1898- Cheerleading then becomes a sport.

November 2, 2022

You may not think cheerleading is a sport. Indeed, how hard can it be to get in front of a crowd of sports fans cheering for your side? Not so fast! Cheerleaders practice and perform remarkable tumbling, jumping, and dancing techniques that resemble gymnastic floor routines. Perhaps the best reason cheerleading is a sport comes from the strength and endurance needed for stunting (pyramid building), which contributes to cheerleading's spot as one of the most injury-prone sports.

The First Cheer Leader

In organized sports, injuries are avoided and expected. But, in nineteenth-century America, many understood if you played college football, you'd get hurt. Just like today, thousands of fans would join together and watch these (mostly) male games. Exciting gameplay promotes spectator cheers. This was the case when medical student Johnny Campbell attended a football game on November 2, 1898. The role of a “cheer leader" gradually developed out of school-specific chants and songs, gaining popularity since the first intercollegiate university football game in 1869. Campbell was the University of Minnesota's cheer leader for many games as other teams throughout the country made up their own chants and songs led by their own leaders. Unfortunately, women were excluded as cheer leaders until 1923, almost a generation after Campbell.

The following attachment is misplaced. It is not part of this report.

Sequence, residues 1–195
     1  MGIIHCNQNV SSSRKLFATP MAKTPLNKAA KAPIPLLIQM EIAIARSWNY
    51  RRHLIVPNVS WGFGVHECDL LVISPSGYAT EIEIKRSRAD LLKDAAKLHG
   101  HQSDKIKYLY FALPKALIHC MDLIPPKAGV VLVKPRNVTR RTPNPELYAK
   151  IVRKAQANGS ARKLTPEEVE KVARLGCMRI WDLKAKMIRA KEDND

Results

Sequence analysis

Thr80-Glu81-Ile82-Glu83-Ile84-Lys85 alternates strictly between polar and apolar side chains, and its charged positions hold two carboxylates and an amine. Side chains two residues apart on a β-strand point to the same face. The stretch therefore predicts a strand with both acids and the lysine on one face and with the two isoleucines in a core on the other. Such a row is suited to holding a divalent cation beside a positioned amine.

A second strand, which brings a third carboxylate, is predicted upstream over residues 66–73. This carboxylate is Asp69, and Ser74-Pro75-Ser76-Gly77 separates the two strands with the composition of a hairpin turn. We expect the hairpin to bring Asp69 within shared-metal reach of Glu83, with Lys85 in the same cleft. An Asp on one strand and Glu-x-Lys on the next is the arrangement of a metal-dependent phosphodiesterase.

Cheerleading Today

Today, cheerleaders work in tandem with sports teams to give spectators a show. The International Cheer Union (ICU) has around 7.5 members in 116 countries. Modern cheerleading squads still have men, but it is a sport where women play a prominent role in organizing and competing in cheerleading competitions where a group of judges. This high-level competition supports professional cheerleading squads that do breathtaking stunts. These competitions help professional squads maintain their importance to fan support at college and professional sporting events, just like they did more than a century ago.


  1. James Pedranti

    Very poorly writen!

  2. Wanda Ingalls

    Like to learn about history and share it with the world thank you so much.

  3. Jeremy

    7 and a half people in 116 countries.. or 7.5 million? Might want to proof read your article..

    The International Cheer Union (ICU) has around 7.5 members in 116 countries


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